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It's time for the Yankees to use CC Sabathia like a back-end starter

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The Yankees want CC Sabathia to be an innings-eater, but that's not a role he's suited for anymore.

Noah K. Murray-USA TODAY Sports

In his start vs. Oakland last Thursday, CC Sabathia had looked strong through four innings, allowing no runs on three hits with no other base runners. In the fifth, it started to go south when Billy Burns took him deep and when Brett Lawrie did the same an inning later to eclipse the Yankees' lead, which had once been 3-0. For what Sabathia's been this year though, six innings and three runs isn't too bad. They call that a quality start. With the game tied, the big lefty had put the Yankees in a good position to win.

Then Sabathia came out for the seventh. Sure, his pitch count was still low, but he'd given up dingers in back to back innings and things felt a bit ominous when he faced Josh Phegley to lead off the seventh. Phegley singled, Mark Canha walked, and then CC was out and David Carpenter was in and...well, I won't rehash how that went. Back when Sabathia was in his prime, tossing 230, 240 and 250 dominant innings per year, there would have been no question about his pitching into the seventh inning in a game like that. But just as he needs to adjust the way he pitches to account for diminished stuff and a fastball that now sits under 90, Joe Girardi needs to adjust how far he goes..

Contrast Sabathia's Thursday start with Nathan Eovaldi's on Saturday. Eovaldi escaped the first two innings unscathed then allowed two runs on a four-hit rally in the third and another on two more singles in the fourth. When Eovaldi let Brett Lawrie on with two outs in the fifth on yet another single, Girardi pulled the plug and Chasen Shreve and the rest of the bullpen guided to a Yankees 5-3 win. Why wasn't Eovaldi left in to decide his own fate? He'd allowed 11 hits, but none for extra bases and no walks. The Yankees view Eovaldi as a back-end starter, and back-end guys don't get the benefit of the doubt there. CC is a back-end starter now, so neither should he.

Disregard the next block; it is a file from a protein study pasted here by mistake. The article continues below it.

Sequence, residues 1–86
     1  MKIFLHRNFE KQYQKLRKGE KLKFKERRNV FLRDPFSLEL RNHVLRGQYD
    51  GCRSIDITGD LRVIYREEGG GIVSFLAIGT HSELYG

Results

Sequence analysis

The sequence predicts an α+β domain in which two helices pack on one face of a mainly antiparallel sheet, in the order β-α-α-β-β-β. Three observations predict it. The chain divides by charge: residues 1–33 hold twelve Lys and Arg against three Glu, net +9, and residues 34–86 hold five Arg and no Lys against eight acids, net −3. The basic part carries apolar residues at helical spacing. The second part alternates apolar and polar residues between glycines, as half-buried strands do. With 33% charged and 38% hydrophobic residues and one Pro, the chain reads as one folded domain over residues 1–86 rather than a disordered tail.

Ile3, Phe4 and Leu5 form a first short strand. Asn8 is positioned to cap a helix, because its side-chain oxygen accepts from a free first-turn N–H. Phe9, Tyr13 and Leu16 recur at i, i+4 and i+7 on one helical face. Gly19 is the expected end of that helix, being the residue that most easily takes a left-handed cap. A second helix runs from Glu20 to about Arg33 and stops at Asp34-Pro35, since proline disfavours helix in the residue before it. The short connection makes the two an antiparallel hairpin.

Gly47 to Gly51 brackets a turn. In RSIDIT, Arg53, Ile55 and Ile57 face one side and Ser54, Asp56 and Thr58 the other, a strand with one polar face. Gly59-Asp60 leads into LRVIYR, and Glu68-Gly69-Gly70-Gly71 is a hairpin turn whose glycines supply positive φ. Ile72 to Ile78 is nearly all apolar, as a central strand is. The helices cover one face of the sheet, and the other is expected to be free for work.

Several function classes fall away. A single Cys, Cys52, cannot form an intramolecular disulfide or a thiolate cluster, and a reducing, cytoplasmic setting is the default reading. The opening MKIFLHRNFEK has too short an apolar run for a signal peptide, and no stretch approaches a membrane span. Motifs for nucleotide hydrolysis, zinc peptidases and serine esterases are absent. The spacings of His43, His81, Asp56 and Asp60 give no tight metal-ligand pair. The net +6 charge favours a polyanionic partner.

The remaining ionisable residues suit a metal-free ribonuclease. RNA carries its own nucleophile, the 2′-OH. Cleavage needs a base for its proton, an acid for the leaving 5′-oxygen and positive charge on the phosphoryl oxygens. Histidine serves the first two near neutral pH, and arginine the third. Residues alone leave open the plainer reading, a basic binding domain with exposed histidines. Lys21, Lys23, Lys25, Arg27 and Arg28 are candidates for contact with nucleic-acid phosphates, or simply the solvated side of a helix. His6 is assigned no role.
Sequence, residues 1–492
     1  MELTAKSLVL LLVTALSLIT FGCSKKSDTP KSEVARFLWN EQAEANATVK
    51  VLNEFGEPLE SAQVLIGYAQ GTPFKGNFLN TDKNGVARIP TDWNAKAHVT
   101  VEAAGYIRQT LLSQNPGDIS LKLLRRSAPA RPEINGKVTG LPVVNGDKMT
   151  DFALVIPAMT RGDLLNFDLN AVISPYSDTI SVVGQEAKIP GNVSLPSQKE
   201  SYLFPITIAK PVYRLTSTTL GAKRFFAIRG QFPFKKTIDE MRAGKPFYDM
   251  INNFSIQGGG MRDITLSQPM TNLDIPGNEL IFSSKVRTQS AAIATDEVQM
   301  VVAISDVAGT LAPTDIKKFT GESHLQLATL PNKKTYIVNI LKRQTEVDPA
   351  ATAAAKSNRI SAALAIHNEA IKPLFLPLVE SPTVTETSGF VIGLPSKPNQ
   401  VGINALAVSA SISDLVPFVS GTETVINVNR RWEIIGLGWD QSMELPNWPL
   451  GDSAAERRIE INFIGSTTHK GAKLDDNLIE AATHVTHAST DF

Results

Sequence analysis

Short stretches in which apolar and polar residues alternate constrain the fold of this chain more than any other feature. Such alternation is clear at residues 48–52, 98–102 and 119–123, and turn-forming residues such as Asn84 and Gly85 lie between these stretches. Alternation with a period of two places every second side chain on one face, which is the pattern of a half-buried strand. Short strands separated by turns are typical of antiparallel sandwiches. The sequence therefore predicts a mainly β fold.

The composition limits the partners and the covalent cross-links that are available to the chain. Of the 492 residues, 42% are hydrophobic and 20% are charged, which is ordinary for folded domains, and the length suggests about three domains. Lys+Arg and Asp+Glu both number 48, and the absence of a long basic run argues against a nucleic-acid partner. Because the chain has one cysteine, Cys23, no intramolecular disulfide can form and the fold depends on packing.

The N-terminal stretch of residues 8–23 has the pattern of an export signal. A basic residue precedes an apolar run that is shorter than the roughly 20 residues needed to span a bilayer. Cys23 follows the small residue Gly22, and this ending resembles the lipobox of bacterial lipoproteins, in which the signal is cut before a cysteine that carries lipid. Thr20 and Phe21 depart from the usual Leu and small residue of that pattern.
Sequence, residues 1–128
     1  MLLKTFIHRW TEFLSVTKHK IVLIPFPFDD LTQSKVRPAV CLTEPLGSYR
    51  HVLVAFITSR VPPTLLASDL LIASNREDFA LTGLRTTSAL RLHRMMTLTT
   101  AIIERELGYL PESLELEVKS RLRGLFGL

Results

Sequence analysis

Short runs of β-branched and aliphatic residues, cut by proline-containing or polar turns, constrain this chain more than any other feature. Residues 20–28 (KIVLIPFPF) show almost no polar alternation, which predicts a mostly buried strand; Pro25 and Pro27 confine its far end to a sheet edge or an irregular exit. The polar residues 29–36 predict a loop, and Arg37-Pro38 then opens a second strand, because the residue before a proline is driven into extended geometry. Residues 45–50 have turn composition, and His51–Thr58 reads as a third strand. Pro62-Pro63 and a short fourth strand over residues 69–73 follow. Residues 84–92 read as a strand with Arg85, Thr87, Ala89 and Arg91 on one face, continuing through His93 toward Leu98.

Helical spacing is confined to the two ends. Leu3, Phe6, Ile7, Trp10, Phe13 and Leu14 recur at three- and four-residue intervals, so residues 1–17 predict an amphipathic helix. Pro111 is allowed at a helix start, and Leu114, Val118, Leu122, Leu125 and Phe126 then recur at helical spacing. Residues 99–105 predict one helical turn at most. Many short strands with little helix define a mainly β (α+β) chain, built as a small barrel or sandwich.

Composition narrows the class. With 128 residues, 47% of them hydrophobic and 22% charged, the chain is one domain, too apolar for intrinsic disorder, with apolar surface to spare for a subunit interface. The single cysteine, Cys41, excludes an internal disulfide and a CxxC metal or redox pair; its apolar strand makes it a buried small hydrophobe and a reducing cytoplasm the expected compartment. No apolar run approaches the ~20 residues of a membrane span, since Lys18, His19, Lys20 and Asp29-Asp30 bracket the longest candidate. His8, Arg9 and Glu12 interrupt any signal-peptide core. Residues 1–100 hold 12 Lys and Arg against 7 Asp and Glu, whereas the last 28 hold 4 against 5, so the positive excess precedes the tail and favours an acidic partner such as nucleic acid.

In ten outings so far this season, Sabathia's met with some serious trouble as his pitch counts have climbed. When he's passed 75 pitches, opposing hitters are slashing .370/.383/.722 and they've slugged 5 of the 10 home runs he's allowed despite representing only around 23 percent of the hitters he's faced. Not surprisingly, CC's numbers in the sixth - .930 OPS against - and seventh - 1.426 OPS against - innings are equally jarring. That's more of the same from last year's injury-shortened campaign. In the eight starts he made in 2014, Sabathia was slapped around for a .421/.450/.684 line in the sixth and seventh innings and a .357/.379/.518 slash on pitches past 75.

Despite all that, the Yankees still seem bent on riding Sabathia deep into games whenever possible. His reputation has always been that of an innings-eater, so they figure if they can't get great quality anymore they'll at least get great quantity. After ten spins through the rotation only staff ace Michael Pineda had notched more frames than CC's 60.1 and only by four. But while Girardi and Brian Cashman might want Sabathia to be a workhorse, it's not a role that he's suited for at this stage. That's not to say that if CC's partying like it's 2009 through six he should automatically be pulled. Hopefully he'll do that against the Mariners tonight and make me look stupid. But if after a few solid innings early, Sabathia's beginning to look sketchy at pitch 79 or 81 or 87, it's foolish to assume he'll recover. He probably won't.